Abelia 'Edward Goucher'

Tried and Trouble-free Recommended by 2 Professionals
Common Name: abelia
Type: Deciduous shrub
Family: Caprifoliaceae
Zone: 6 to 9
Height: 3.00 to 5.00 feet
Spread: 3.00 to 5.00 feet
Bloom Time: May to September
Bloom Description: Lavender - pink
Sun: Full sun to part shade
Water: Medium
Maintenance: Low
Suggested Use: Hedge
Flower: Showy
Leaf: Good Fall
Tolerate: Erosion

Culture

Easily grown in average, medium, well-drained soil in full sun to part shade. Best flowering in full sun. Prefers moist, organically rich soils which drain well. Evergreen in the South, but generally deciduous in the St. Louis area where stems may suffer substantial damage (including dying to the ground) in cold winters. Significant stem damage can be expected when winter temperatures approach zero degrees F. Best sited in a protected location in the St. Louis area. Blooms on new wood, so prune as needed (e.g., thin to the ground up to 1/3 of old stems and any stems lost to winter) in late winter to early spring.

Noteworthy Characteristics

Abelia is a genus of about 30 species of deciduous and evergreen shrubs from the Himalayas to East Asia and in Mexico. They are long flowering with small but showy flowers.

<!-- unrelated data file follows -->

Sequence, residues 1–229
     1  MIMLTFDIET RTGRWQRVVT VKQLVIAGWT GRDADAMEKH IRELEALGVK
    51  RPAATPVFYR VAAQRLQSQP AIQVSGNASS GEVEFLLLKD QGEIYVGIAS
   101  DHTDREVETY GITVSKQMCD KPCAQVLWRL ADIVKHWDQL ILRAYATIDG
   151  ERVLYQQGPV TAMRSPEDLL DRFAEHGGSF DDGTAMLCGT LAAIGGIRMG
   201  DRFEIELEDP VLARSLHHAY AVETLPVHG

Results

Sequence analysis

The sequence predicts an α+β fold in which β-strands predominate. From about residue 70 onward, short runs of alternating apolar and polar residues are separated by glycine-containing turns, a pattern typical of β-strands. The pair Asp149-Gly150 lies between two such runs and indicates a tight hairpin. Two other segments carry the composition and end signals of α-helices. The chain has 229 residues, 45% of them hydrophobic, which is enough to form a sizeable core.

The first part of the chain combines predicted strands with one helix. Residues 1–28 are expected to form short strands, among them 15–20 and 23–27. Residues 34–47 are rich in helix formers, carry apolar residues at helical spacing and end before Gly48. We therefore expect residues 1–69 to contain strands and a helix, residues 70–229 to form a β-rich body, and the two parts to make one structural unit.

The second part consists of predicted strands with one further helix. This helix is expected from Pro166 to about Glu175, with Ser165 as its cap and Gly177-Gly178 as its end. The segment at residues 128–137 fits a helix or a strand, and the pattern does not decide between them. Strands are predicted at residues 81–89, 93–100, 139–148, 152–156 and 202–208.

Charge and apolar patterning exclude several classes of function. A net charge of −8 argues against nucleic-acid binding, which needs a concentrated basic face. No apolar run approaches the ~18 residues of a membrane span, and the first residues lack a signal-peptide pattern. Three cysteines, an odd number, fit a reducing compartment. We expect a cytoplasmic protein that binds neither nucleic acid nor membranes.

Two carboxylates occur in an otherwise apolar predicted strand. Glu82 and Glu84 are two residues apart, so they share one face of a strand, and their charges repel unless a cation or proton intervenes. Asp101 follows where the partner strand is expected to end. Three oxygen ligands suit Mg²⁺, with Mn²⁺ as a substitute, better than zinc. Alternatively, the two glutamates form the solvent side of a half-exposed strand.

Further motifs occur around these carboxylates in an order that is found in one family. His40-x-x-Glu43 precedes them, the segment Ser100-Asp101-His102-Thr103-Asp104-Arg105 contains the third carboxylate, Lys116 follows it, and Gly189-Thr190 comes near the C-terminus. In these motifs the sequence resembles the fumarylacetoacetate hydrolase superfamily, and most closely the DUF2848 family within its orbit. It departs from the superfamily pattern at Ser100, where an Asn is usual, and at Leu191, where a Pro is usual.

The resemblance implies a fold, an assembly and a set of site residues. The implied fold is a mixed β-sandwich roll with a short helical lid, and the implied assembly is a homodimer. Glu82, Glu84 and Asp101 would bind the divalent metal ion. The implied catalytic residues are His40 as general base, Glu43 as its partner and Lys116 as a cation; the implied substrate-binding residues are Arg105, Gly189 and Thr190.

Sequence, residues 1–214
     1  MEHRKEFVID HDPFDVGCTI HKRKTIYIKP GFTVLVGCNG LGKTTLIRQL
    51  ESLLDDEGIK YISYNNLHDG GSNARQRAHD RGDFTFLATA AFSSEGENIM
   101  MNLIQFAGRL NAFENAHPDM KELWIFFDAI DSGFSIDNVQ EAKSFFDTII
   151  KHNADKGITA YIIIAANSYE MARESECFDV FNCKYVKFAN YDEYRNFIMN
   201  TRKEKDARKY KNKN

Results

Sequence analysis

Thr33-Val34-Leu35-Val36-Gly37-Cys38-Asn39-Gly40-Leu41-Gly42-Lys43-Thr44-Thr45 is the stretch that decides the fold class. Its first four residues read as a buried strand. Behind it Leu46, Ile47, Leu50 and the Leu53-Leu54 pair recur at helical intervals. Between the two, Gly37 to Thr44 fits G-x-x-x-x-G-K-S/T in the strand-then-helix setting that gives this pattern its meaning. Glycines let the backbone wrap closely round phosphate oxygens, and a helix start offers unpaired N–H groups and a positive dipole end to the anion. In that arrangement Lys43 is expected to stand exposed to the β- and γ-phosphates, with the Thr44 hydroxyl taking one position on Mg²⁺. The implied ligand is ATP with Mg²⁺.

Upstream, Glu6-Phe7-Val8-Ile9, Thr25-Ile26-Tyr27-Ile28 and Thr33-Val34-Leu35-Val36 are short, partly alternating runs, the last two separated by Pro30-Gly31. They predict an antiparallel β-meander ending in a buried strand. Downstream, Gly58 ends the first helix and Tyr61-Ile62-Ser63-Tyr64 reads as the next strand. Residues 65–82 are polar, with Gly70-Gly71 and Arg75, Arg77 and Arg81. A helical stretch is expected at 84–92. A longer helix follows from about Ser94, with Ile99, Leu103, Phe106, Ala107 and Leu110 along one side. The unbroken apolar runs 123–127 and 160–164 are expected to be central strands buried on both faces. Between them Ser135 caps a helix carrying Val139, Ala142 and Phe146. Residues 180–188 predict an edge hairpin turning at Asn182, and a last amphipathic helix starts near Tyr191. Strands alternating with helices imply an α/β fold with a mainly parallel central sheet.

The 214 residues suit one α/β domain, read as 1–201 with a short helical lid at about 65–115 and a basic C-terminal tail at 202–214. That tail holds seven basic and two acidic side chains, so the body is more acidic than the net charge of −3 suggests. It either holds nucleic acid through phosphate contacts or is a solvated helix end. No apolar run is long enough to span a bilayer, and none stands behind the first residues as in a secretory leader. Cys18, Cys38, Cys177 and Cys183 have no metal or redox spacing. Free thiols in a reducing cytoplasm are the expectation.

Genus name honors Dr. Clarke Abel (1780-1826).

'Edward Goucher' typically grows 2-3' tall in the St. Louis area and produces gracefully arching branches. It grows somewhat taller (to 5' tall ) in the warm winter climates of the South (USDA Zones 8-9). Features clusters of lavender-pink, funnel-shaped flowers (to 3/4" long) with orangish yellow throats. Flowers bloom from mid-summer into fall. Ovate, glossy, dark green leaves (to 1.25" long) turn purplish-bronze in autumn. A hybrid between A. x grandiflora and A. shumannii introduced in 1911 by Edward Goucher of the United States Department of Agriculture.

Problems

No serious insect or disease problems. Winter die-back may occur in the St. Louis area.

Garden Uses

Specimen or grouping for shrub borders or foundations. Also effective as an informal hedge (plants tend to lose attractive graceful shape if pruned or sheared to a more formal hedge look).